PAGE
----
[volt-nuts] AC Voltage Measurement Standards
acbern at gmx.de
acbern at gmx.de
Thu Jul 10 18:55:23 EDT 2014
I have a set of 7 TVCs, from 1 to 100V. having them all calibrated externally is just too expensive. There is no doubt that having all 7 TVCs calibrated at NIST or PTB, wherever you are, is much more precise, I will just not spend it and live with the accuracy I get.
As source I am using a Datron 4808, as nanovolt meter an Agilent 34420. Problem with this is, you pointed it out, Agilent does not specify transfer accuracy, I am in contact with them, so far no outcome though, not sure there will be any. So I have not yet completed my error calculation for the TVC cal. I will probably end up doing some calculations based on data sheet an then vaildate by measurement. Need that on the 10mv range only, so effort is limited. additionally I also have a ratio transformer, which is good to about 10kHz, that also allows for validating the TVC results by comparison in lower frequency ranges and narrow down the tolerances.
I do have a 182-M, but do not trust it, I saw a lot of drift doing some other measurements although it passes performance verification, and I just got a 2182, which has an issue that needs to be fixed first. I need to say the 34420a is very stable with the digital filter switched on and you can see the nanovolts walk until the TVC stabilizes. vice versa, if you have an issue in the setup (thermal drifts...), you also seethat very well, so the filter is not hiding this.
as far as your comment re. calibrating a set of resistor cal from one calibrated one, whats wrong with it? if you do that with a stable voltage and by voltage divider measurement using the linearity of the 3458A, you end up with pretty decent accuracies. I cannot comment on the 242, just did some quick checks some time ago and my quick assessment then was it is worse/not better than the 3458a method.
> Gesendet: Mittwoch, 09. Juli 2014 um 16:35 Uhr
> Von: "Todd Micallef" <tmicallef at gmail.com>
> An: "Discussion of precise voltage measurement" <volt-nuts at febo.com>
> Betreff: Re: [volt-nuts] AC Voltage Measurement Standards
> I would like to know more about your setup. Which source(s) are you using
> for the input and which nanovoltmeter(s) are you using to transfer the 10V
> TVC to your other converters? I remember you asking on PMEL forum about the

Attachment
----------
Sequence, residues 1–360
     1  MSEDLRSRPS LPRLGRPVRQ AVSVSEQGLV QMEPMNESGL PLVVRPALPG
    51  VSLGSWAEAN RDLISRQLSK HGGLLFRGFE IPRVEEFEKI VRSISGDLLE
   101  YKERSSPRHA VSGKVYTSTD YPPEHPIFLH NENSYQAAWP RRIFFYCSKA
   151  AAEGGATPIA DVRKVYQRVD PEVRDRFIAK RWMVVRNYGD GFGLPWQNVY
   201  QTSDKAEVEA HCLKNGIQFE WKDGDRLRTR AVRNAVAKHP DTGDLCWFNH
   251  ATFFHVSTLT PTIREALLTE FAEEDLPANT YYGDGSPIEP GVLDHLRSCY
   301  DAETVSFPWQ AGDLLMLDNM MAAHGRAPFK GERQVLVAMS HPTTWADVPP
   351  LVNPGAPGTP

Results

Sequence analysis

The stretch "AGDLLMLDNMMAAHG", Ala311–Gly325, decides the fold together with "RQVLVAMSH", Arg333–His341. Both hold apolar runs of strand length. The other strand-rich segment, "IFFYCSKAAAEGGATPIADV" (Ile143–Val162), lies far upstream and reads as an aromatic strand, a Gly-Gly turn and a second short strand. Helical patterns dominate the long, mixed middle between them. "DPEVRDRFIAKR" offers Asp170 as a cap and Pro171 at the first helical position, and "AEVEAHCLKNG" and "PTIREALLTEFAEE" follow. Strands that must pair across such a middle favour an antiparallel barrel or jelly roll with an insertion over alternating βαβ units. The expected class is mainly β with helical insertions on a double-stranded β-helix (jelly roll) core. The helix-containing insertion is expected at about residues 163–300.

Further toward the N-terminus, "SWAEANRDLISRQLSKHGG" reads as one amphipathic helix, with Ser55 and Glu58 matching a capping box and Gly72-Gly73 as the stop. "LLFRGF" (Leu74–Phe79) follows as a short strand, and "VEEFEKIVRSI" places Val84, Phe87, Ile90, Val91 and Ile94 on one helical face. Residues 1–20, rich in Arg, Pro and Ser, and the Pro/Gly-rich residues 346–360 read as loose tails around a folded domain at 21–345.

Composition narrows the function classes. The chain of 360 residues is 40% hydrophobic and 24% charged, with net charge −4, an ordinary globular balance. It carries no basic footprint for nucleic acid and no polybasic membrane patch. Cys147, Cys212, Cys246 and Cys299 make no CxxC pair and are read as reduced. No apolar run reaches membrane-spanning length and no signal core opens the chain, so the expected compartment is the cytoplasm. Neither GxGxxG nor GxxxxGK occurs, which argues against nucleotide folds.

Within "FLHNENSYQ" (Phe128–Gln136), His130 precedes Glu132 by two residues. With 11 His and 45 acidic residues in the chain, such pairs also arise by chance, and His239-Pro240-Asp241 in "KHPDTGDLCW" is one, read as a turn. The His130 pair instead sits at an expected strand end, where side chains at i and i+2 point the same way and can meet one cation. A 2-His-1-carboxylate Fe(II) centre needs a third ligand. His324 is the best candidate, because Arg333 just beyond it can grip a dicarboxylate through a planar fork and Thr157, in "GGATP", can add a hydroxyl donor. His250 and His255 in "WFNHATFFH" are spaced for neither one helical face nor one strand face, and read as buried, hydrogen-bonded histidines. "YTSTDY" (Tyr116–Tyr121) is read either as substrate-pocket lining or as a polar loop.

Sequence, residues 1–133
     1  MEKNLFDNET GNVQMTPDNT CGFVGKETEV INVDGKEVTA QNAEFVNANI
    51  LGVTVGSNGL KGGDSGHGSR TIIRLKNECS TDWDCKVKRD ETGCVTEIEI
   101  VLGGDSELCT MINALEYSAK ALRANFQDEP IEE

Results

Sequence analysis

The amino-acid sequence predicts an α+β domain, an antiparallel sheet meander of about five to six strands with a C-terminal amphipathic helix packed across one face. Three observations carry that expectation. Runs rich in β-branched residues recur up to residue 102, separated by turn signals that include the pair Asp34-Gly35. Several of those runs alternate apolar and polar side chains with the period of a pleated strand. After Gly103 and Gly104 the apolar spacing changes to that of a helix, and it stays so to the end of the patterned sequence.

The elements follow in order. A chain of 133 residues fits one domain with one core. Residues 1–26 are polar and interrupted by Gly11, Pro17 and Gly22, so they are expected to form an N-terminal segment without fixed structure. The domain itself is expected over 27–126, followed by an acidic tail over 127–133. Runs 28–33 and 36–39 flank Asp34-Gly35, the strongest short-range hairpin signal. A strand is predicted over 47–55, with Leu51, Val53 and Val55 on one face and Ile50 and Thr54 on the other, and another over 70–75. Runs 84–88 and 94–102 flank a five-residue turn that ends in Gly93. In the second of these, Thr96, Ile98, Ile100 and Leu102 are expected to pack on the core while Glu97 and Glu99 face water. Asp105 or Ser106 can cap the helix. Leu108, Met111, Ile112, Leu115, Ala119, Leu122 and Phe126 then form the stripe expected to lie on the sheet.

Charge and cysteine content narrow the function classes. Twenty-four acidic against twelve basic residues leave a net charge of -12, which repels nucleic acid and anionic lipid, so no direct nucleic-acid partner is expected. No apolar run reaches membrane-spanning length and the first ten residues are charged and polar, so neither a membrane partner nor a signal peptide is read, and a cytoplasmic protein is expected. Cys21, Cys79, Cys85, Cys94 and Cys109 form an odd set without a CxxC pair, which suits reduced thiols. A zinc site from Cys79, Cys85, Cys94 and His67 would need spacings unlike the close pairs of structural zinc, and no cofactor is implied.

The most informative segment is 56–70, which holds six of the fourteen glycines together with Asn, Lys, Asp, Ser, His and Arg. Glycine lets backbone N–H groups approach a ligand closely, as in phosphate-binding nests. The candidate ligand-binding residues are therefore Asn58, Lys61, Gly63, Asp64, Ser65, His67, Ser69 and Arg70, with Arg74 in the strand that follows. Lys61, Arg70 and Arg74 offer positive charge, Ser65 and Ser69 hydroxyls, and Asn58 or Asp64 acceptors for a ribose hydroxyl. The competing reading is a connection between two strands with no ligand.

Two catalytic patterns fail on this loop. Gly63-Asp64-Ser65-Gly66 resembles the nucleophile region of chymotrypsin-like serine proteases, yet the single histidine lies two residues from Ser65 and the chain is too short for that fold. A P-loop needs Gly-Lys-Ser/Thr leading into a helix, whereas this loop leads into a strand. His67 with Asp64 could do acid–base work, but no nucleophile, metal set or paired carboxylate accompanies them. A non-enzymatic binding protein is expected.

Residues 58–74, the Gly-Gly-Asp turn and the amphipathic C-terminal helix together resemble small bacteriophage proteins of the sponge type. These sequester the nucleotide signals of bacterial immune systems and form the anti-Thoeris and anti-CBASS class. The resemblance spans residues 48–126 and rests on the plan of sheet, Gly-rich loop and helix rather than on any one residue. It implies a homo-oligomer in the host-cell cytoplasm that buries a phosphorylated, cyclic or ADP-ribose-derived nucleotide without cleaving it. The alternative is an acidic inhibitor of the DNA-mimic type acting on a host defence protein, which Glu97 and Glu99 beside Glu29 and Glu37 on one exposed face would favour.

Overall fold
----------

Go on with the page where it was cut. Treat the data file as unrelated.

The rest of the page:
> accuracy of using a 34420A nanovoltmeter. I did not see a response as to
> whether you opted for an alternative like Keithley 2182(A) or a low noise
> preamplifier connected to a 3458A.
> I have done some reading about how NIST transfers their calibrations using
> two TVC's in parallel and I am guessing that is what you are doing.
> To transfer the accuracy up/down to other TVC's at different rated voltages
> appears to be a difficult task since they typically need at least half the
> rated max voltage to be within spec. It would be similar to starting with a
> SR104 standard and transferring its value through a set of SR1010 and
> SR1050 resistors using an ESI 242.
> I have a few AC sources, and I would like to be able to verify my TVC's
> without sending all of them out for cal. Ballantine quoted $600+ per TVC
> and I haven't checked what Fluke would charge for each A55.
> I personally did the following: I got a Ballantine 1605A transfer
> > voltmeter. This is comparable to the 792A in a way, except it was much
> > cheaper. It is automatic, much easier to use than the Fluke 540 and goes up
> > to I think 100MHz. This can be used for percision calibrations as a working
> > standard. The calibration of this meter as well as others (e.g. the 3458A
> > in its AC mode) I am doing with a set of thermal converters (0.5V to 100V).
> > One of which (10V) has been externally calibrated up to 30MHz, cal of the
> > others are derived from it. That way I am deriving everything from a very
> > precisely (few ppm) calibrated 10V TVC. Overall, this saves cost on the
> > calibration side, allows for high accuracy and measurement speed is good.
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